Friedman asserted, wrongly, that variable foreign exchange rates would eliminate trade imbalances. As the currency of the surplus country appreciates, exports are discouraged while imports are encouraged. Conversely, as the currency of the deficit country depreciates, exports are encouraged while imports are discouraged. This forces adjustments in the volume of imports and exports that will continue until trade balance is restored.
The equilibrating effect of exchange rates on imports and exports is, at best, ephemeral. It may last as long as the inventory of ingredients that go into the exports of the deficit country does. But no sooner had these inventories been exhausted and needed replenishing than euphoria came to an abrupt end. As a direct consequence of the lower value of the currency of the deficit country, its terms of trade deteriorates, while that of the surplus country improves. In particular, the deficit country has the disadvantage of paying higher, while the surplus country has the advantage of paying lower prices for the imported components that go into their respective exports. The competitiveness of the deficit country suffers a further setback. Rather than working towards equilibrium, the floating exchange rate regime works towards perpetuating imbalances, nay, making them progressively worse. It throws the deficit countries into a vicious downward spiral from which it is ever more difficult to escape.
History bears out these theoretical observations. Thirty-five years ago it was Japan that the U.S. was lecturing to revalue its currency upwards. At the time one dollar fetched over 300 yens. During the intervening decades the dollar has duly been made weaker to the point that now the dollar fetches less than 100 yens. That is to say, the yen has appreciated more than threefold against the dollar. And what happened to the trade deficit of the U.S. vis-a-vis Japan? Sad to say, rather than approaching equilibrium, it has worsened tenfold! Well, how much more beating down must the dollar take for the Friedman-mechanism to kick in?
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In putting pressure on China to follow Japan´s example to revalue the renminbi upwards, Krugman acts disingenuously. In effect he demands that China take a loss to the tune of hundreds of billions of renminbi units on its foreign currency reserves. Remember, China carries its books in renminbi, not in dollars. Consequently every loss in the value of the dollar in terms of the renminbi generates an immediate loss in the value of China´s dollar reserves at the same rate.
To put it differently, Krugman demands that China grant the U.S. a unilateral abatement of debt. The question arises on what grounds can a country, chronically in deficit, and with a history of defaulting on its international obligations, demand an abatement of its debt?
If China yielded to American pressures and let the renminbi float upwards against the dollar, then it would be not just a one-shot abatement of the U.S. debt, but a commitment to grant further and automatic abatements as new debts are being incurred. It would invite further reckless debt-accumulation. It would make mockery out of the idea of independent nations trading with one another for mutual benefit. It would make China a vassal of the U.S., a role China, in all dignity, will never accept. Self-respecting sovereign nations cannot yield to pressures of this kind.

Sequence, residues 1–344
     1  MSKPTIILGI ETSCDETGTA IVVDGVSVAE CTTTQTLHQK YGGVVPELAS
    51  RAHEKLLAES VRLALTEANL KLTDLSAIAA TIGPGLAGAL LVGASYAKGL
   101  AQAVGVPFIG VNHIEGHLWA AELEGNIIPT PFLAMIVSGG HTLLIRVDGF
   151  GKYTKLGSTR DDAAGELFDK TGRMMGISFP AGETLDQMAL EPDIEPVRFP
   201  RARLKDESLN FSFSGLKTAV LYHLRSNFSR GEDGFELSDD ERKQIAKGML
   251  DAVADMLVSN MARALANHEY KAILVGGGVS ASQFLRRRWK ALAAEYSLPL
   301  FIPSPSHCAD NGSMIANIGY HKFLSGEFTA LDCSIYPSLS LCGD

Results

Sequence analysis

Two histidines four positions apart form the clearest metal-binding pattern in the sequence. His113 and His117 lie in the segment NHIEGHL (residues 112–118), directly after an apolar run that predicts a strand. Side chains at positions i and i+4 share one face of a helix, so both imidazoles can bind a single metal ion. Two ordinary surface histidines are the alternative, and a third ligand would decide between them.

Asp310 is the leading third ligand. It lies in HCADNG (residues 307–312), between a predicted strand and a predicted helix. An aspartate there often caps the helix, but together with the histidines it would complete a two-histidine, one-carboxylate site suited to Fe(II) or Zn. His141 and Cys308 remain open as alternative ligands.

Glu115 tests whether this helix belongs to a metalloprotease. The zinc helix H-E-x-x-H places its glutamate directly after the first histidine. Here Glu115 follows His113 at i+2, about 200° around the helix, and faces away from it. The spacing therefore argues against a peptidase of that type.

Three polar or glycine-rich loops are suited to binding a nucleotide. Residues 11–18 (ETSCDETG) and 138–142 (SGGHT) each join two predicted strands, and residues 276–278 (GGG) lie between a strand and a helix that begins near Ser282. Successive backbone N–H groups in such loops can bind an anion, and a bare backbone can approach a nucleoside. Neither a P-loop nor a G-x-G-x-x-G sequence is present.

It is incumbent upon the debtor, not on the creditor, to mend ways in case of a persistent disequilibrium. Krugman went wrong as he embraced the Keynesian fallacy that the responsibility for restoring equilibrium rests, not with the debtors but with the creditors. This puts logic upside down as it penalizes hard work and thrift while rewarding indolence and prodigality.
Characteristically, the thought of fixed foreign exchange rates has never crossed Krugman´s mind as the proper solution to America´s and the world´s trade woes. The regime of fixed exchange rates made America great, prosperous, and the envy of the world for centuries. The regime of floating exchange rates has frittered away the accumulated wealth and goodwill, as it has reduced America, in hardly a decade, from the greatest creditor to the greatest debtor nation of the world. To add insult to injury, it has made the dollar a chronically depreciating currency with the result that the American standard of living is now falling along with the dollar. The falling dollar has opened America to endless humiliation as it is fast losing the respect of other nations it once had.
Regardless how the trade dispute with China is going to be settled, continued reliance on the regime of floating exchange rates will lead to catastrophe. The world will succumb to trade war and a depression far worse than that of the 1930´s, precisely because it lacks a valid equilibrating mechanism for world trade and it allows deficits to accumulate without limit. In view of looming trade wars, Krugman´s aggressive threatening of China with sanctions on the eve of the G-20 meeting in Toronto is irresponsible, to say the least.
The regime of floating exchange rates is the opium of the world trade. Krugman wants the U.S. government to declare a new opium war on China to force this debilitating drug on the Chinese. If he succeeds, this time around it is not China that will end up on the losing side.
© Antal E. Fekete
Professor of Money and Banking San Francisco School of Economics